Heather Langenkamp and Lisa Wilcox are brilliant examples of strong female characters in horror films. Both have gone up against the Dream Demon himself, Freddy Krueger, twice (OK, so technically speaking, Heather battled him 3 times and was killed off in DREAM WARRIORS only to return as herself in NEW NIGHTMARE) and both exhibited the shy, girl next door type transforming into an ass kicking, tough and smart woman that vanquishes the evil…for now. These 2 are so popular, they usually have the longest lines next to Robert Englund at conventions.

Felissa Rose and Danielle Harris are prime examples of two women who were but children when they entered the industry and are now well known in the horror genre. The following these two have speaks volumes not only about the loyalty, but the importance of Women In Horror. I know Felissa Rose personally, and I’ve been her assistant at a show as well. I can tell you first hand how much people love her and her role in SLEEPAWAY CAMP. People always thank her for playing that character, because they felt like for once someone understood what it was like to be and feel different. Danielle Harris is more than a “Scream Queen”… she is an Icon in the horror genre. Her contributions and her positive attitude are the reasons why people stand in line for hours at a con just to say hi to her and get a picture.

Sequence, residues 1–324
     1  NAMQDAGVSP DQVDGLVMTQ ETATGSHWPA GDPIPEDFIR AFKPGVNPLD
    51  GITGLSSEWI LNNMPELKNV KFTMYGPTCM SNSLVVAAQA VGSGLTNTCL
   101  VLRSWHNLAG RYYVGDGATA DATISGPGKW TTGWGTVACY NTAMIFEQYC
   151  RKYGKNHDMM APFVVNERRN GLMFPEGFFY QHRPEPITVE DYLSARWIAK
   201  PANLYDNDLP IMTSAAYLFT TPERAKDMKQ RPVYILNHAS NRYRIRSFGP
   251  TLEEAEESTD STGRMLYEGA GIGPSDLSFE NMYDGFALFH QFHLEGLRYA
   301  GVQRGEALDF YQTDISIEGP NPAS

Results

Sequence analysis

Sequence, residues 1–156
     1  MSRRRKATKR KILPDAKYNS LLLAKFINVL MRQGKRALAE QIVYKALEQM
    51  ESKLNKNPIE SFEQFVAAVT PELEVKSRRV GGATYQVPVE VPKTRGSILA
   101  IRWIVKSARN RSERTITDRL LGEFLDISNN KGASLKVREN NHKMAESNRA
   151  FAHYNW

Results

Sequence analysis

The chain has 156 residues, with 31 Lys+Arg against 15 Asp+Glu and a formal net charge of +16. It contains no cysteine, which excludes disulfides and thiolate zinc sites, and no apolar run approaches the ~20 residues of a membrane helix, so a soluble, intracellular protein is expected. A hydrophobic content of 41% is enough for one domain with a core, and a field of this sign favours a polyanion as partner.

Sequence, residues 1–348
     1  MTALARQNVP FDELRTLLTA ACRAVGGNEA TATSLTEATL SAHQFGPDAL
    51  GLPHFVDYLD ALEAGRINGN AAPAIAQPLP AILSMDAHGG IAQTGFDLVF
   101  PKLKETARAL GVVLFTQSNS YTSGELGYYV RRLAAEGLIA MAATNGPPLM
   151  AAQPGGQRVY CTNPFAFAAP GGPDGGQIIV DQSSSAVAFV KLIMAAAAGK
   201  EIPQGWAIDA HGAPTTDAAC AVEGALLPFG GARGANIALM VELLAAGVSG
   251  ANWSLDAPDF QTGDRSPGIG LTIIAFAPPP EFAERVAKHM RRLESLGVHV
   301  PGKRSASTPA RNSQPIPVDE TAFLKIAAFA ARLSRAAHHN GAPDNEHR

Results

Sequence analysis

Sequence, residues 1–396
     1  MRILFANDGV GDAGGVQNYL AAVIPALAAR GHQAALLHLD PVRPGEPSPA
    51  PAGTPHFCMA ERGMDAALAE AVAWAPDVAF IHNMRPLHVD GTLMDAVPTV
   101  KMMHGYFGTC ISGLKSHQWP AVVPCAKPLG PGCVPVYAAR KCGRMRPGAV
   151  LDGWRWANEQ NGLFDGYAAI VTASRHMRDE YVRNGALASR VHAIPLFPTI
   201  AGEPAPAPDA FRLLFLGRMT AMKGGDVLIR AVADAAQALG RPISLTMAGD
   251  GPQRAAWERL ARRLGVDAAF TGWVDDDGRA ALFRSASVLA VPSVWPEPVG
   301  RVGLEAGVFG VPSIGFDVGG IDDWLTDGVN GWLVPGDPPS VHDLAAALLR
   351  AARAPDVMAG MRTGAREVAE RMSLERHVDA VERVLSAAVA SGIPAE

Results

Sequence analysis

The SCREAM series is a total play on strong female characters, as usually it’s Neve Campbell‘s Sidney Prescott and Courtney Cox‘s Gale Weathers that always have to defeat the men and women behind the Ghostface mask. Sidney and Gale are polar opposites, however, when it’s a life or death situation, they stand tall together to end the reign of terror.

I know this may seem like a one sided article, where it’s only giving praise to slasher films, but I promise this is going to cover much more women in horror shortly.


The Slasher Film gave way to having women in the forefront, so much so, that other sub-genres of horror opened up to women. Amanda Bearse and Jami Gertz are known for their work in MARRIED